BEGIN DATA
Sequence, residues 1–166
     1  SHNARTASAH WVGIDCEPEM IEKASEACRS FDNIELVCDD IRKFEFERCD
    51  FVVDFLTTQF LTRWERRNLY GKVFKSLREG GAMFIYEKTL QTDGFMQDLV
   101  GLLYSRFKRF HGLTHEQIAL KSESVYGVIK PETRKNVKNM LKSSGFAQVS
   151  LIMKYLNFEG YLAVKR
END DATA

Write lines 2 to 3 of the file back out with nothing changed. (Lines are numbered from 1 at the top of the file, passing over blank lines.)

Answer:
     1  SHNARTASAH WVGIDCEPEM IEKASEACRS FDNIELVCDD IRKFEFERCD
    51  FVVDFLTTQF LTRWERRNLY GKVFKSLREG GAMFIYEKTL QTDGFMQDLV